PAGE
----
With the help of HP, I’m beginning to better understand the mentality of the minority conservative. I don’t mean to generalize – obviously minority conservatives are just as varied as WASP liberals – but for this series I’m going to make some general observations. A lot of liberal minorities call conservative minorities sell outs. They claim these conservatives got lucky and found success in what is otherwise an unjust society and therefore want to hold everyone else to the same standards. (remember That Colored Fella’s post saying minority conservatives, by nature, had a psychological problem?) I think those criticisms are unfair. After several beers, conversations, and emails with HP, I am beginning to better understand what makes him a conservative and what both repeals and appeals to him about liberals. And I can say with confidence it’s not to hold other minorities and the working class to the same unjust standards with which he was able to succeed.
Let me tell a story about a job I had a few years ago. I had just transferred to UCSD and was looking for more meaningful work than pouring espresso. The problem always was that – after tips and the free food and coffee – I made more money working at a cafe than I would have doing something like substitute teaching or working as a research aide. But then a friend of mine – also upper-middle class, White, and liberal – from high school told me about a job she just got as an inner city tutor/mentor … pay: $13 an hour, plus transportation.
Perfect. I interviewed with a pretty girl who seemed to be more on top of her shit than just about any other college student I had ever met. I remember leaving the interview thinking she seemed simultaneously impressed and reluctant. But I got the job and went to our next weekly meeting on Wednesday night. That was when I realized I was hired as the token white guy. The program, called Early Academic Outreach Program (or EAOP) was established in 1976, but didn’t really take off until 1995 when UC regent Ward Connerly (we’ll talk more about him later) successfully outlawed affirmative action on UC campuses. What many conservatives don’t understand is that even if the courts or regents outlaw affirmative action, university administrations and companies will continue to come up with programs which seek diversity because they understand it is better for their business. For example, while proposition 209 barred employers from affirmative action hiring in 1996, many companies such as Qualcomm still have aggressive programs seeking diverse and well qualified candidates.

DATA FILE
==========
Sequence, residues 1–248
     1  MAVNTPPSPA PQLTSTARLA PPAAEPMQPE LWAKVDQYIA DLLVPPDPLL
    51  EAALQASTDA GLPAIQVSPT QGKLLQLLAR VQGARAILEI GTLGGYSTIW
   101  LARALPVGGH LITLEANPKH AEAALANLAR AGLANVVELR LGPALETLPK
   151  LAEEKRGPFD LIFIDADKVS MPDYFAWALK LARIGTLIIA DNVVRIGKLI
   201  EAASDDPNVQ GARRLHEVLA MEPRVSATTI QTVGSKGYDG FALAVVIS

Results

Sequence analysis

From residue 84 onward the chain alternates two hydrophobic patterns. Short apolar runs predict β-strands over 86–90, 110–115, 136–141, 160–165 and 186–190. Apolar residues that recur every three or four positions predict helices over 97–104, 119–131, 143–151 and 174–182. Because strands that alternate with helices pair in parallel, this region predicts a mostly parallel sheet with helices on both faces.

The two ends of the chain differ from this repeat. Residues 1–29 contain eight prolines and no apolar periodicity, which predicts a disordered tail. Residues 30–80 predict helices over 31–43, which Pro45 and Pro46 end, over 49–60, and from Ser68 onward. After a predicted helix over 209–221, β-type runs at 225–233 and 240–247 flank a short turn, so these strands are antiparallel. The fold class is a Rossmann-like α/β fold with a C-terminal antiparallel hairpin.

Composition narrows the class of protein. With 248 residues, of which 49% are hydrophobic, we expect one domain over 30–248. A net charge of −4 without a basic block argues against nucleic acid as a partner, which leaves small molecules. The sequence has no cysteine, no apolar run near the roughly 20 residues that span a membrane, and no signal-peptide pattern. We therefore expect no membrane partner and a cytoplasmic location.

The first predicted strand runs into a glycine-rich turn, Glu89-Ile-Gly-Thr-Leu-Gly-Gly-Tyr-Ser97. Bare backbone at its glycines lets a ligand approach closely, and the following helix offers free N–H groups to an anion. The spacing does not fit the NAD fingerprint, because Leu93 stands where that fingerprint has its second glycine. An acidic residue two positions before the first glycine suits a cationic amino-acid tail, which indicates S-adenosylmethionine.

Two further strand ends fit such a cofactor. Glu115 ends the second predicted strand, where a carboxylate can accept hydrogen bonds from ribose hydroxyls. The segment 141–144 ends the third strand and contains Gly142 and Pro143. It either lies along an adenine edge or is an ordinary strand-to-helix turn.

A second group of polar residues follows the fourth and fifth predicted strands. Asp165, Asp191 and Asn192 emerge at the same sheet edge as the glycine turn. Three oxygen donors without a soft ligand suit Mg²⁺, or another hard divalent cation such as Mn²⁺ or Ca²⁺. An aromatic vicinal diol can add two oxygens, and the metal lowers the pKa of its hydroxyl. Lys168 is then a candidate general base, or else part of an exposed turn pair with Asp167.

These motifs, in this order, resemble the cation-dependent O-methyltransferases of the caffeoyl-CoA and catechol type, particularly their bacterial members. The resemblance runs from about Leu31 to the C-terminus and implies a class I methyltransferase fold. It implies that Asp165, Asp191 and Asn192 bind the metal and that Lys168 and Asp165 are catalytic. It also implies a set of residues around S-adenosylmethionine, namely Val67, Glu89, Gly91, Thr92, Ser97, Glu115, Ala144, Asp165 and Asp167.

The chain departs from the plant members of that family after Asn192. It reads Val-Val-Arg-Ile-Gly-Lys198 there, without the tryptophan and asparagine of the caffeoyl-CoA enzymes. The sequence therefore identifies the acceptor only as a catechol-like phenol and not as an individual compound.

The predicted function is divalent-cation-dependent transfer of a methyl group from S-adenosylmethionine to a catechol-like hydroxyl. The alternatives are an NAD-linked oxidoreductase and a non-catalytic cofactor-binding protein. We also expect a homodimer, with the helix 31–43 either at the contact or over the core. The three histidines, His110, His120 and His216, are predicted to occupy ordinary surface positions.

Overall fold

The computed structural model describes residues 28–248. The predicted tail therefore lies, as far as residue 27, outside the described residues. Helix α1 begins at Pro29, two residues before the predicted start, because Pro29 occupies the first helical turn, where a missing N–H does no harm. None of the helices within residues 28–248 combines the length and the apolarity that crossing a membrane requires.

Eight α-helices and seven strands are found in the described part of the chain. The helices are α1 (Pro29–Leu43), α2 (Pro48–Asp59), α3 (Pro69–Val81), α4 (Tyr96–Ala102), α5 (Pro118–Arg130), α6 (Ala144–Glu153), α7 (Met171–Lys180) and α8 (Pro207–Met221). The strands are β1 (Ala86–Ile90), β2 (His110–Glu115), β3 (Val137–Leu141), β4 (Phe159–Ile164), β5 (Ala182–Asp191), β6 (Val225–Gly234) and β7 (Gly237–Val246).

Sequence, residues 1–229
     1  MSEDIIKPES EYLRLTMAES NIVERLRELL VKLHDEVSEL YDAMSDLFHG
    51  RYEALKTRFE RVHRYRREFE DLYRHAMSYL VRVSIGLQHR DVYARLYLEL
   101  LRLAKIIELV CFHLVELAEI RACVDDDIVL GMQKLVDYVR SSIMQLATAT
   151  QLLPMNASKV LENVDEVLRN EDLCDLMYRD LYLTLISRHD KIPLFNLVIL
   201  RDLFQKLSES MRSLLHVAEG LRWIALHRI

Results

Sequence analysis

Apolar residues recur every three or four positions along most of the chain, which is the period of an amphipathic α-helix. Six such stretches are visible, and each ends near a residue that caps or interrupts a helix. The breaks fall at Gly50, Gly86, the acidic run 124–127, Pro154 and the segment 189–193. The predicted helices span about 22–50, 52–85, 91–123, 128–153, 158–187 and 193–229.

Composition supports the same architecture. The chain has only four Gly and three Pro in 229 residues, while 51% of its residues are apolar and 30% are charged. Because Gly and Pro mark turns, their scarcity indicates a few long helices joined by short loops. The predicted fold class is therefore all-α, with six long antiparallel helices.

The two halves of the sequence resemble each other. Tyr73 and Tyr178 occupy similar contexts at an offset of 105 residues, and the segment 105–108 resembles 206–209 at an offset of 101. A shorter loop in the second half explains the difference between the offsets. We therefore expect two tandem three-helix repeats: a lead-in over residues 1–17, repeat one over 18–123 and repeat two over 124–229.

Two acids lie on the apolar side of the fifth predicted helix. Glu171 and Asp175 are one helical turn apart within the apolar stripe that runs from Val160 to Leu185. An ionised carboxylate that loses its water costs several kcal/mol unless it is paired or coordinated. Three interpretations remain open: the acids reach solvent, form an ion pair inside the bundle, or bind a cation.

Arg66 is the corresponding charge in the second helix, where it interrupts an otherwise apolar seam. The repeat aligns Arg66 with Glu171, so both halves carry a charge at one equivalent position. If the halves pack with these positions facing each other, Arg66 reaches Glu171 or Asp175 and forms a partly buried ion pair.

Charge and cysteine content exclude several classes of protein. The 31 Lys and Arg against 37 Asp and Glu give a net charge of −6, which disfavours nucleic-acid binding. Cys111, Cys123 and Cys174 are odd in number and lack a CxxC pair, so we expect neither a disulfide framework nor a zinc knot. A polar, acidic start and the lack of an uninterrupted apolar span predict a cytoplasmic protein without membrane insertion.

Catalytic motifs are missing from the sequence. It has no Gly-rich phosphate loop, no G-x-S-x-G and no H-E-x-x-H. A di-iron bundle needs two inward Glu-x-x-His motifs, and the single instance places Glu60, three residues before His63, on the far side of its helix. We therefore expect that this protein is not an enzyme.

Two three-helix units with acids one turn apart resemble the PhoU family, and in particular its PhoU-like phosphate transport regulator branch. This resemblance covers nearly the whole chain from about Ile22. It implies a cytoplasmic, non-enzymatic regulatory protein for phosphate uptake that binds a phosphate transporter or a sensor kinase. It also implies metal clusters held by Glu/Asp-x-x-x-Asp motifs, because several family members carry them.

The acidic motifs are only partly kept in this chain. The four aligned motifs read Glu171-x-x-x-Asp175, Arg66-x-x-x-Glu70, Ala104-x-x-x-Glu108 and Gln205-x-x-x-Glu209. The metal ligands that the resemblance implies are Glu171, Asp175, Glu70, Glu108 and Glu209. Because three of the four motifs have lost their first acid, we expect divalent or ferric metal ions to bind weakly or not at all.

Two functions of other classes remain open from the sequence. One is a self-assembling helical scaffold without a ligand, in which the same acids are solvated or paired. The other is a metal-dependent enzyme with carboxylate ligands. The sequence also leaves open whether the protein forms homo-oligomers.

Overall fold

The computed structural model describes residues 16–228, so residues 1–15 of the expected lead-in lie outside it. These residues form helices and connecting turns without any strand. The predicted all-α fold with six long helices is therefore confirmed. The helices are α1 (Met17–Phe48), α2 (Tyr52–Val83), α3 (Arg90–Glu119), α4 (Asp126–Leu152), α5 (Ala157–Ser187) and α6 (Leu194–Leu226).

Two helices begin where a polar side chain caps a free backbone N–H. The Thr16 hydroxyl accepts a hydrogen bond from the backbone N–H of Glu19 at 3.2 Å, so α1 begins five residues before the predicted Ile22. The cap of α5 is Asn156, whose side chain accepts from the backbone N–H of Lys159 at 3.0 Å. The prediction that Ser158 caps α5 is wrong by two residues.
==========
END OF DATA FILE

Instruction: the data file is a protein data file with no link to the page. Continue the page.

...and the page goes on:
So the idea of EAOP is to send minority students at UCSD to high schools in low income neighborhoods and evangelize the importance of higher education as well as help the students out out in math and English classes. Since the program seeks greater diversity in higher education, it would (arguably) be hypocritical to not hire a single white male.
Which was me. There were also two and then three white girls, a handful of Asians, Persians, and Native Americans, and the rest (about 50) male and female Latinos and Blacks. Which, if you’ve been to UCSD you know, is a large chunk of the minority student body.